How to Save Money Everyday
Be penny wise when it comes to saving and avoid pound foolish actions that lead to debt.
We get it – saving money is usually easier said than done. When you compare the money you have available to save now versus how much you need to accomplish major financial goals in your life, the task can seem so daunting that you’re unmotivated to even try.
On the other hand, you’d be surprised just how fast savings can add up when you’re dedicated about saving money everyday in your budget. A few dollars here and there can become big money when its set aside effectively and put into the proper savings accounts. So even though it may seem like an uphill battle, the hardest part of developing an effective saving strategy is really taking the first steps to reduce costs in your budget so you can set aside as much money as possible each month.
Making sure savings are used effectively
The video above – and other upcoming videos in the Penny Wise, Pound Foolish series – lay the groundwork for how to find extra cash in your budget and avoid overspending so you can save as much as possible. However, setting the money aside is really just first step in developing an effective saving strategy.
In other words, if you’re just diverting all the money you set aside into a standard savings account with an interest rate of less than .05% then you’re really not saving effectively. Instead, you need to organize your savings and allocate it for specific purposes. And at least some of that money should be diverted into savings and investment tools that grow at a faster rate so you can actually save effectively to achieve your long-term goals.
So let’s say you make $3,000 per month after taxes. In an ideal financial world, you want to set aside 10% of that income every month, so you save $300 every month. With a strategic saving strategy you might divide that money thusly:
- $100 is transferred to a Roth IRA to support your retirement goals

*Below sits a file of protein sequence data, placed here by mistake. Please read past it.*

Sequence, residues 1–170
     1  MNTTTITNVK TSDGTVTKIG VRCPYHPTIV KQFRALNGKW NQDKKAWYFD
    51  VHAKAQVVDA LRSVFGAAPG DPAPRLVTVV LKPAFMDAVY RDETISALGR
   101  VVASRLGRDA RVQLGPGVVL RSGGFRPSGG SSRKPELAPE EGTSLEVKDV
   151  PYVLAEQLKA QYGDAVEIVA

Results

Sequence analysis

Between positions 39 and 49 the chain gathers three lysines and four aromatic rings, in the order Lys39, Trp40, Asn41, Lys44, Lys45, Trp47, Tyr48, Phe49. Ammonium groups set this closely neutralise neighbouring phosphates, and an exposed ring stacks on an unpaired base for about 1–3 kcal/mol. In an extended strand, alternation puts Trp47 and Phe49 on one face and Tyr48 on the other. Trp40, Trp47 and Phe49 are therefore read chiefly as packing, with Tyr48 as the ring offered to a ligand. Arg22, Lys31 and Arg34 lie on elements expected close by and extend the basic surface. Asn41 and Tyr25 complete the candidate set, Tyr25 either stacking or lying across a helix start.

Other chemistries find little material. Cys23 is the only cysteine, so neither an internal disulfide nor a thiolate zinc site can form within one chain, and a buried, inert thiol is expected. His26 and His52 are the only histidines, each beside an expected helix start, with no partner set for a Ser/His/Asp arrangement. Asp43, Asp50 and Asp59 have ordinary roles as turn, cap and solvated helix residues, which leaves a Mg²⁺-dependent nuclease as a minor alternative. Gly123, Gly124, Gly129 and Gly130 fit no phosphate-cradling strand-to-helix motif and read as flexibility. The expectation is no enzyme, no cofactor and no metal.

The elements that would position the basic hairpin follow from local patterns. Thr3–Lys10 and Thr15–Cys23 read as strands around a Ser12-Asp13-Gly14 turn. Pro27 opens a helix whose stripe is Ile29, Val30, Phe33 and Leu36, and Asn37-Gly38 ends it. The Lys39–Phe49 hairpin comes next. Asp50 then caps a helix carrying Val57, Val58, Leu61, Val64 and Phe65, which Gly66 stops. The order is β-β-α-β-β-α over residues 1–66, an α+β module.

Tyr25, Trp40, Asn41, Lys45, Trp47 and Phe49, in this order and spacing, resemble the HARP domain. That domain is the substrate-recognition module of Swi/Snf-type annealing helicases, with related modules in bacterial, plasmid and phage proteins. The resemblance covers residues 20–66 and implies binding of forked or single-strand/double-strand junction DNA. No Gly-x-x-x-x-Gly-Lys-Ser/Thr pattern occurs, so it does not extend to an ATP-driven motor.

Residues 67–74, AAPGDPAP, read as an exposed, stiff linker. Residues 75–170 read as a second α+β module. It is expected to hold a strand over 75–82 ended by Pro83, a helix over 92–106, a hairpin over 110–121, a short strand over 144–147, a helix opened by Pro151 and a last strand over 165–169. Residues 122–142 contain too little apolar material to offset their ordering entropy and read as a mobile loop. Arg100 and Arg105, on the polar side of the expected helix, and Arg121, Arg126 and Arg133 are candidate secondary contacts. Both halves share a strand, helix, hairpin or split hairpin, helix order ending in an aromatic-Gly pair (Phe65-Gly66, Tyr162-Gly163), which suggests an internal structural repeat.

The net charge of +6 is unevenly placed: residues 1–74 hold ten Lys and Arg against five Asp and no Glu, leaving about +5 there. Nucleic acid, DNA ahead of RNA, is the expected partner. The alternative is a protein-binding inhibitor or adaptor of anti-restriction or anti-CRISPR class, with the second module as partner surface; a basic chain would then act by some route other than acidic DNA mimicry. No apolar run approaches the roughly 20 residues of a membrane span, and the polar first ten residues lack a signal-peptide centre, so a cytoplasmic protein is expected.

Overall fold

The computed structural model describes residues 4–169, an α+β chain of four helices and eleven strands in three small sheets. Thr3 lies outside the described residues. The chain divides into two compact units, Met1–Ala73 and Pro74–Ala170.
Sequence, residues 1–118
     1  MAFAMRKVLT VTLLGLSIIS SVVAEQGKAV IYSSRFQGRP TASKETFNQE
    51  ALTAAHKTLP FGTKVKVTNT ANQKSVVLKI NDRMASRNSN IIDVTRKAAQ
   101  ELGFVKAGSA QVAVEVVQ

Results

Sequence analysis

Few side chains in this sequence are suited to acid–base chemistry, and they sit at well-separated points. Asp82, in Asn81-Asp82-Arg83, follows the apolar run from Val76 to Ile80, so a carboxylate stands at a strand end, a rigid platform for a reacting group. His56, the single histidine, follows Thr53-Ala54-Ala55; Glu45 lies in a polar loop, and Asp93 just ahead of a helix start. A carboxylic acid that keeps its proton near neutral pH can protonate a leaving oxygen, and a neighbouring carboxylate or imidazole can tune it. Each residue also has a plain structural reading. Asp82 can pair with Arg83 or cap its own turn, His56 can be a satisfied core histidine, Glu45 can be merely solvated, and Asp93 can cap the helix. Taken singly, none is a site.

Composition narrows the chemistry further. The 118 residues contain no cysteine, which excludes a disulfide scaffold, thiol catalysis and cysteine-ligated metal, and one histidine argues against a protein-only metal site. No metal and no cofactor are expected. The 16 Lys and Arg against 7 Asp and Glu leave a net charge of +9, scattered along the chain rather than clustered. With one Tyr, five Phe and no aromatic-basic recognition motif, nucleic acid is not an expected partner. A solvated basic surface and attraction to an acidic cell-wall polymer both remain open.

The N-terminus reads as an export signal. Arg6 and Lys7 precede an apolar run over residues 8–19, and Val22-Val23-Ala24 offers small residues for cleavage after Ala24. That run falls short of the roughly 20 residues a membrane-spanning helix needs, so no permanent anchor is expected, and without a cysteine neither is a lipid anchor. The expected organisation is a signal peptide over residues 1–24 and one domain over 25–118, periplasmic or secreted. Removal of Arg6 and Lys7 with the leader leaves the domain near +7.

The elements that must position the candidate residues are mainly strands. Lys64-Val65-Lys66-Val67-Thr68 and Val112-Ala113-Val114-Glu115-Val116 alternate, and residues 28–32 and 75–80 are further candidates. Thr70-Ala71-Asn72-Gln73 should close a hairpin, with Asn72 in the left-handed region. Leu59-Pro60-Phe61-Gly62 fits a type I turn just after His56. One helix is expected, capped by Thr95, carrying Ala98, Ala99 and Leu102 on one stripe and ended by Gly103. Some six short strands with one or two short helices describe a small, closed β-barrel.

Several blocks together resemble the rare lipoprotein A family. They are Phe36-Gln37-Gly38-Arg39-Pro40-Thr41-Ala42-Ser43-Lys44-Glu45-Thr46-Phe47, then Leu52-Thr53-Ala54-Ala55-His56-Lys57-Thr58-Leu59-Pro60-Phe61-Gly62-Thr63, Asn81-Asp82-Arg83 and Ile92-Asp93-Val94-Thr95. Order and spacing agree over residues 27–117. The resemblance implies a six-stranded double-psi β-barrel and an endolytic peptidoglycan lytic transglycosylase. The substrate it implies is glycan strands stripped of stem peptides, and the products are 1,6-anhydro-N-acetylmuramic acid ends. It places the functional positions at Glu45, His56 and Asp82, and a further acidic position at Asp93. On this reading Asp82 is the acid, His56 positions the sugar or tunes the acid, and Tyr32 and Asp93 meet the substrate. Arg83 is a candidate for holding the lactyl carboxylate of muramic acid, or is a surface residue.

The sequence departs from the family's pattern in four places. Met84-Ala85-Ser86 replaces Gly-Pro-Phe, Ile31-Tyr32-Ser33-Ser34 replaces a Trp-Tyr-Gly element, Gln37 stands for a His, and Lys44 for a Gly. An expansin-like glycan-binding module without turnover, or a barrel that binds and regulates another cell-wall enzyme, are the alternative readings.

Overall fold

- $50 is put into your regular savings account to get pooled in with your financial safety net or rainy day fund for emergencies and unexpected expenses
- $50 is put into holiday savings account so you can have a cash-only Christmas without credit card debt
- $100 is put into a Money Market Account, which has a higher interest rate than your standard savings account
Money Market Accounts (MMAs) are like savings accounts, except they have higher minimum balance requirements – usually at least $5,000. However, that higher requirement means you get better growth because the interest rate is higher. So you have to maintain a high minimum threshold, but this can be a better option for mid-term savings.
Additionally, once you save enough money in your MMA you can take a portion of that out while still maintaining the minimum balance to put into an investment with even more growth. So, for example, once you have $7,000 saved in the MMA, you can take out $1,000 and put it into a 1-year CD.
CDs (Certificates of Deposit) are investments that you open with a set dollar amount that you can’t touch for a specific period of time. At the end of that period, you get the money you invested back plus the interest earned. They can be a great way to set money aside for specific big goals. For instance, you know you want to buy a car next year, so you take out a 12-month CD and then use all of the money you receive next year to make the biggest down payment possible. This will give you a little extra for the down payment than you would have if you’d just left the money in regular savings account until you were ready to buy.
For more information on how to use savings effectively, visit Consolidated Credit’s Guide to Saving. And remember, if you’re having trouble saving effectively because of credit card debt, we can help. Call Consolidated Credit today at (844) 434-0351 or complete an online application to request a free debt and budget analysis from a certified credit counselor.